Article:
This year, National Falls Prevention Awareness Day is on September 23. According to the Center for Disease Control, most falls happen at home—every year about 33 million Americans are injured seriously enough to require medical attention. In fact, the most common cause of nonfatal injury in every age group is falling down.1 Furthermore, “Among people 65 years and older, falls are the leading cause of injury deaths and the most common cause of nonfatal and hospital admissions for trauma. Each year in the United States, nearly one third of older adults experience a fall.”1 One facet of a home accessibility evaluation is to assess the home to identify fall risks, with the goal to prevent injury and avoid accidents. The integration of environmental modifications can help decrease the risk of falls, and create a safer home environment.
Incorporating Universal Design principles into the design of a home not only allows for the most amount of users to have access, it also provides a layer of safety. Pulling up throw rugs to allow for a smooth, firm and slip-resistant surface, not only eliminates an obstacle for persons using walkers and wheelchairs, it also removes a possible fall hazard for anyone else. Removing clutter and rearranging furniture to create as much clear, open space for navigating throughout the home allows for users of mobility devices to have an unobstructed pathway, while decreasing trip hazards that may be in one’s frequently used pathway in the home. Use of pull-out shelving eliminates the need for far reach and bending, decreasing one’s fall risk while attempting to get that one pot in the far back corner of the cabinet.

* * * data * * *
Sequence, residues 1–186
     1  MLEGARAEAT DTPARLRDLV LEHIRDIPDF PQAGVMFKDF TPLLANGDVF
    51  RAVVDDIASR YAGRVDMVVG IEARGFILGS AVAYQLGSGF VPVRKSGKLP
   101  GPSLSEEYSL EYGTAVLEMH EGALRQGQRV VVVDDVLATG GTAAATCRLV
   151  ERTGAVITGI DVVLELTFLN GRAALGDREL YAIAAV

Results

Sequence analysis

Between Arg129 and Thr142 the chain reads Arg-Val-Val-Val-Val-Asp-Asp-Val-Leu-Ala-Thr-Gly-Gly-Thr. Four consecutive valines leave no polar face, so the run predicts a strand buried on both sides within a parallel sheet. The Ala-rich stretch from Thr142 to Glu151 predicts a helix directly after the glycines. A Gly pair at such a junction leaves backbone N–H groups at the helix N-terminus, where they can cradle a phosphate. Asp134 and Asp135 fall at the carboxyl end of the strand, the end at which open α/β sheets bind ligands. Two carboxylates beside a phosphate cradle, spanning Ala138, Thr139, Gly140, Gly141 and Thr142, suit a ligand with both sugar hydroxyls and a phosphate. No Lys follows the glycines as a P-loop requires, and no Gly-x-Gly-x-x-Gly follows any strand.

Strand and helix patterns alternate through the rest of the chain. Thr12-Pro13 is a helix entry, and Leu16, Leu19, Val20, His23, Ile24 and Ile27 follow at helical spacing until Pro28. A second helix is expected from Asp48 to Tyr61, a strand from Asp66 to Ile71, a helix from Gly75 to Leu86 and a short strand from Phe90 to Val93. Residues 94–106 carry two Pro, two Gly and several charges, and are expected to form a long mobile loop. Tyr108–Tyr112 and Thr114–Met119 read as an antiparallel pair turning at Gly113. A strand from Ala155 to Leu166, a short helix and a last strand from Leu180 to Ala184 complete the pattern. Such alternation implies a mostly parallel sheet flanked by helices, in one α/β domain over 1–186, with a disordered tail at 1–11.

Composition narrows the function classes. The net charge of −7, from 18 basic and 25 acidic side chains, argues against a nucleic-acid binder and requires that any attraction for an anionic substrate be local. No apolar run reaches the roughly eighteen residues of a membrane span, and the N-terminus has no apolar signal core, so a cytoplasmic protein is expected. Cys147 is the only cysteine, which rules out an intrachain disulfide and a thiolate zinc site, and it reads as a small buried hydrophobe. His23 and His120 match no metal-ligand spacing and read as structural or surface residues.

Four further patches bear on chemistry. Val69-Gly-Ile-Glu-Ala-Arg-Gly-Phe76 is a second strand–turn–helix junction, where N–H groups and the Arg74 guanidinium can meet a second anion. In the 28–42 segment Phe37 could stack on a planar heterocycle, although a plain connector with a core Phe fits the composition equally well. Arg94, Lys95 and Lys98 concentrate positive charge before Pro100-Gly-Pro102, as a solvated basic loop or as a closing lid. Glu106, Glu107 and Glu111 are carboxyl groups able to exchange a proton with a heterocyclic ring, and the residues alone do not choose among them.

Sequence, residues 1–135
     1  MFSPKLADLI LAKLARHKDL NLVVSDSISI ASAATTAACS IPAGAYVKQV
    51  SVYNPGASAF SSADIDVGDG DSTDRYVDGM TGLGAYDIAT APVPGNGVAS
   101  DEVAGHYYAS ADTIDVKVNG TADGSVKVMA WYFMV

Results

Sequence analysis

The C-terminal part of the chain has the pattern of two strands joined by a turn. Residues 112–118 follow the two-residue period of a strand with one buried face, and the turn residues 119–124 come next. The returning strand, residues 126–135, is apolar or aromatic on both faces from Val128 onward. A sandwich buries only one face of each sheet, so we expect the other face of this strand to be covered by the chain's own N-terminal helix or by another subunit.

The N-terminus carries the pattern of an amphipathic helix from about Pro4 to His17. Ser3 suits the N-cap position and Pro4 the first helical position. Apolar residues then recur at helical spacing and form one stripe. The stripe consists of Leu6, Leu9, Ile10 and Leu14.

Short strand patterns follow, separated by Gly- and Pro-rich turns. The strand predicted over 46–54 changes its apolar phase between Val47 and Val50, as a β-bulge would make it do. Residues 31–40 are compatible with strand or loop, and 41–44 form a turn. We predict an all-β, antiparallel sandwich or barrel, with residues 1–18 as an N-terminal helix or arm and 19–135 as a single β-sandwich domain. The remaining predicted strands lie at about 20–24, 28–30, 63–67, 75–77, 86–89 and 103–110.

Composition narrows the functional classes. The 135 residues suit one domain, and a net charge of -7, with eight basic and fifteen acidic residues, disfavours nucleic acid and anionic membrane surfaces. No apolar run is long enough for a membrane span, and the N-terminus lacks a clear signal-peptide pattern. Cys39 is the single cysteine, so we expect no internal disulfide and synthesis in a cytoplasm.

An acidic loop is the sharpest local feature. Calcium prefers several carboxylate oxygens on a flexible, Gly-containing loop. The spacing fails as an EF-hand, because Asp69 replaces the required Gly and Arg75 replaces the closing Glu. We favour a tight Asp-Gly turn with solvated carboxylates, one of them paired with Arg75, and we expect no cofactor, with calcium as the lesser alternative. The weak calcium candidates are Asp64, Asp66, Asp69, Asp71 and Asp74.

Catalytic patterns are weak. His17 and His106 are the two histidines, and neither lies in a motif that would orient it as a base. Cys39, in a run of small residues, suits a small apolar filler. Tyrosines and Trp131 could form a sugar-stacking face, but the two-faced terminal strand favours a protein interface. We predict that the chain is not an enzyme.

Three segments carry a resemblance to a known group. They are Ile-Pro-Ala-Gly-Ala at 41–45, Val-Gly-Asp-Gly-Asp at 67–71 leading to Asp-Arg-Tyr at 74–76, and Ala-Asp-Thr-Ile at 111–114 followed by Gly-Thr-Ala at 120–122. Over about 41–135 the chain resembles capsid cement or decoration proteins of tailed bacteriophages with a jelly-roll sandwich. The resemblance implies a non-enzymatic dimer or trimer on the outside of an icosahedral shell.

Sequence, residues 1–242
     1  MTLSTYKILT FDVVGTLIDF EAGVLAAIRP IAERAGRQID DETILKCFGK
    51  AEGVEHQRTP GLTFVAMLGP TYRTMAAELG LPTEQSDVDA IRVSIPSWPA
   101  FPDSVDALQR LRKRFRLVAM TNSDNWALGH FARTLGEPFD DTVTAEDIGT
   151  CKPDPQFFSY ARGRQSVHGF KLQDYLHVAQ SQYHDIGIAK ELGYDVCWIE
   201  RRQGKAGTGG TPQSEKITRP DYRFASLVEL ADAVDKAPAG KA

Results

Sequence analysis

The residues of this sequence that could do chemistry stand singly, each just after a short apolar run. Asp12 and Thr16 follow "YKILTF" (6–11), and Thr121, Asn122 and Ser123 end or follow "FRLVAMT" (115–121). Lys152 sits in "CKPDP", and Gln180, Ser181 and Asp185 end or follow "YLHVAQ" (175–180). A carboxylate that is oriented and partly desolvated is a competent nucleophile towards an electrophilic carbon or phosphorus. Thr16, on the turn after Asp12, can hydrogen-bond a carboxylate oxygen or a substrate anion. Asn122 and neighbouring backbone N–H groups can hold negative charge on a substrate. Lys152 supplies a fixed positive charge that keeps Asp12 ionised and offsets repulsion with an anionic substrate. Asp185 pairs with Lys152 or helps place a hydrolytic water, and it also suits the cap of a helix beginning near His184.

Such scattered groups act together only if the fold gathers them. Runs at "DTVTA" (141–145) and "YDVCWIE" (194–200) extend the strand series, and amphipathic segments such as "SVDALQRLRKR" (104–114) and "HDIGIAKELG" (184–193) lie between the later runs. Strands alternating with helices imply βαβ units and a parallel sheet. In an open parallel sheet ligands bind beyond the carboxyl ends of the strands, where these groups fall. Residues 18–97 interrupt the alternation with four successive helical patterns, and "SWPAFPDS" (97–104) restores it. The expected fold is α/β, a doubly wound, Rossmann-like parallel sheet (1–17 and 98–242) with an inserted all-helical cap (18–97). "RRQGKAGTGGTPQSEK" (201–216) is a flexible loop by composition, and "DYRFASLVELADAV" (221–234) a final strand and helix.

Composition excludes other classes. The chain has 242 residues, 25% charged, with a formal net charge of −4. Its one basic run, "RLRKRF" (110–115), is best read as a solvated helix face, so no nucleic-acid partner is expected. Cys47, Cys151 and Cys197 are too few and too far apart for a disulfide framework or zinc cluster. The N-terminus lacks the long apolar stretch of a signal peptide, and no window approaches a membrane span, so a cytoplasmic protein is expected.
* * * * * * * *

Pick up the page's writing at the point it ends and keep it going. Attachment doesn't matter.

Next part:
Utilizing both natural light as well as light within a room is integral to creating safe pathways in the home. Exit/entryways, stairwells and bathrooms are of utmost importance. Having a light switch, preferably a toggle, conveniently located just before one enters/exits the home will allow for an illuminated pathway and decrease chance of falling over unseen obstacles or bumping into furniture. Although important for universal design, it is not just about the height/location and type of light switch that meets the needs of the most amount of users. It is the addition of extra lighting that also provides a convenience to all of the residents for safely traversing the frequently used pathways in the home.
The integration of grab bars and handrails will also provide a layer of support and safety. At first, many will just think of the bathroom and the stairwells for need of this type of support. However, while completing a home evaluation, an Occupational Therapist may determine that supportive bars and other assistive technology may be needed in other areas of the home to assist a homeowner with safely transitioning from sit to stand. Occupational Therapists are uniquely prepared to contribute to fall prevention efforts because of our attention to diverse influences on occupational performance. While Universal Design features can create an added layer of safety, each home and homeowners needs are very unique and need to be evaluated individually for falls prevention to determine appropriate recommendations.
On September 23, 2010 the Greater Philadelphia Aging in Place Chapter, local chapter of the National Aging in Place Council, will take part in an event with the Delaware Aging Network to educate consumers about falls prevention. How will you spread the word?
1. Center for Disease Control and Prevention www.cdc.gov
August 31, 2010 at 6:37 am